Muscle Study Questions - PowerPoint PPT Presentation

mader chapter 7 1 5 on page 133 n.
Download
Skip this Video
Loading SlideShow in 5 Seconds..
Muscle Study Questions PowerPoint Presentation
Download Presentation
Muscle Study Questions

play fullscreen
1 / 19
Muscle Study Questions
84 Views
Download Presentation
muncel
Download Presentation

Muscle Study Questions

- - - - - - - - - - - - - - - - - - - - - - - - - - - E N D - - - - - - - - - - - - - - - - - - - - - - - - - - -
Presentation Transcript

  1. Mader Chapter 7 1-5 on page 133 Muscle Study Questions

  2. 1. Name & describe the 3 types of muscles, & give a general location for each type (p. 111) • Skeletal – voluntary (attached to skeleton) • Cardiac – involuntary (heart) • Smooth – involuntary (walls of hollow internal organs)

  3. 2. List & discuss 4 functions of muscles. (p 111) • Produce movement – picking up an object • Resist movement – posture, blood pressure (Newton’s 3rdLaw: muscles generate a force (static tension) that exactly opposes and equal but opposite force being applied to a body part • Generate heat – contraction of our muscles accounts for > 75% of all heat generated by the body – shivering thermogenesis • Stabilizing joints – stabilize & strengthen

  4. 3. Describe the anatomy of a muscle, from the whole muscle to the myofilamentsw/in a sarcomere. Name the layers of fascia that cover a skeletal muscle & divide the muscle interior. (p 113) • A group of many individual cells, all w/same origin and insertion and all with the same function (p. 115) • Arranged in bundles called fascicles • Each bundle is enclosed in a sheath of fibrous connective tissue called fascia • Each fascicle contains 12 to 1000s of individual muscle cells – called muscle fibers • The outer surface of the whole muscle is covered with several more layers of fascia – at the ends all come together forming tendons

  5. Muscle Cells to sarcomere • Tube shaped 3 cm – 30 cm (thigh) • Can contain more than one nucleus just under the cell membrane (skeletal) • Nearly entire cell is packed with long cylindrical structures in parallel called myofibrils • Myofibrils are packed with contractile proteins called actin and myosin • When myofibrils contract the muscle cell also contracts

  6. Myofibrils = muscle fibers • Each skeletal muscle fiber is a long, cylindrical cell w/multiple oval nuclei just beneath the sarcolemma (plasma membrane) surface • Fibers are large, 10 to 100 m in diameter, and up to hundreds of centimeters long • Sarcoplasm, similar to cytoplasm of other cells, but has numerous glycosomes (=organelle full of glycogen) and a unique oxygen-binding protein called myoglobin, similar to hemoglobin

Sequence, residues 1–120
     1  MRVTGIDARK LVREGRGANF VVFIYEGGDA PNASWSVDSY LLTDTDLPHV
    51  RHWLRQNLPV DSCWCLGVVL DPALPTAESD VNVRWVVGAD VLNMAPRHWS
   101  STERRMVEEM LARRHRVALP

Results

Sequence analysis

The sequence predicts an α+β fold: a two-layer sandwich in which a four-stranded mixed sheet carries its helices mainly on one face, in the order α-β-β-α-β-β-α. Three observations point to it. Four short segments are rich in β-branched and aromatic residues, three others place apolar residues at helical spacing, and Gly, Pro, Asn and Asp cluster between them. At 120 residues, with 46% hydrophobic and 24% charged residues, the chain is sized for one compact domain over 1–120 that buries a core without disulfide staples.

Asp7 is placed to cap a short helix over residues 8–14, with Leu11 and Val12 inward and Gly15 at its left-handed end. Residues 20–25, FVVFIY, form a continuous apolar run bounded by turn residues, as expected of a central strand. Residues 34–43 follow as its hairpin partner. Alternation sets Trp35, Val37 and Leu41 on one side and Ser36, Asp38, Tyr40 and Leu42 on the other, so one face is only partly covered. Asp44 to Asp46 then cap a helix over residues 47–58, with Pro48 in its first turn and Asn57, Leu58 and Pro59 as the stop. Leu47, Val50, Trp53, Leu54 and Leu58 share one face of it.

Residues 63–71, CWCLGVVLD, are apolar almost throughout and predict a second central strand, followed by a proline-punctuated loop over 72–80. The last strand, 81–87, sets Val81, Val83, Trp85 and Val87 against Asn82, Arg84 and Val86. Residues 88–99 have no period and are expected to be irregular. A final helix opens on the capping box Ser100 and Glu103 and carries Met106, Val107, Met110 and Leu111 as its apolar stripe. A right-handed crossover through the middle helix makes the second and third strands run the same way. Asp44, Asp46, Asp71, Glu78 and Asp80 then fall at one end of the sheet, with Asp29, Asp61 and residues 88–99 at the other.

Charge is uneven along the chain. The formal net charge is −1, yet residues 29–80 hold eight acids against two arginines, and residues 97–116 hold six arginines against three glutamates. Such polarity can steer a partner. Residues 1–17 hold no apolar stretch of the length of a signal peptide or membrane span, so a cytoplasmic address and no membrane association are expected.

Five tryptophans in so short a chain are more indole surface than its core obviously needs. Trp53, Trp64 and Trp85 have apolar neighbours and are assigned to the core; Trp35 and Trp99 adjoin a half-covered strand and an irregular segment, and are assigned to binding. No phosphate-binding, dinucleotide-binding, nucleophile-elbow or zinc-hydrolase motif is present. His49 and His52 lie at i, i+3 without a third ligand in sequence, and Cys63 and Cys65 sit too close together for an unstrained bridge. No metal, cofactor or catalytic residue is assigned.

7. Sarcomere = contractile unit (6)sarco – Gk for “flesh”

  8. Sarcomere / contractile unit (6) • A single myofibril within one muscle cell (in your biceps) can contain > 100,000 sarcomeres arranged end to end. • 100,000 sarcomeres all shortening at once produces a muscle contraction • Understanding muscle shortening is simply understanding how a single sarcomere works

  9. Sarcomere = contractile unit From Z to shining Z

  10. Sarcomerestructure • 2 kinds of proteins • Myosin – thick filaments interspersed @ regular intervals with a different protein • Actin – thin filaments that are structurally linked to the Z-line • Myosin filaments are completely contained within the sarcomere • Muscle contractions depend on the interaction of these 2 filaments

  11. 4. List the sequential events that occur when a nerve impulse reaches a muscle. • Nerves activate skeletal muscles • Activation releases calcium • Calcium starts the sliding filament mechanism • Contraction ends when nerve activation ends • Sliding filament model of contraction

  12. http://video.google.com/videosearch?ndsp=18&um=1&hl=en&q=sliding%20filament%20of%20contraction&ie=UTF-8&sa=N&tab=iv#http://video.google.com/videosearch?ndsp=18&um=1&hl=en&q=sliding%20filament%20of%20contraction&ie=UTF-8&sa=N&tab=iv# • grants.hhp.coe.uh.edu/clayne/6397/Unit3.htm

  13. 5. How is ATP supplied to muscles? What is oxygen debt? (p. 114) • Lots of mitochondria form ATP by aerobic cellular respiration • Muscles contain creatine phosphate (high E storage supply) used to regenerate ATP indirectly • ATP produced anaerobically when oxygen supply is limited

  14. Oxygen Debt • Continued intake of oxygen (panting) to complete the metabolism of lactic acid (built up anaerobically) • Lactic acid is transported to the liver and broken down into carbon dioxide and water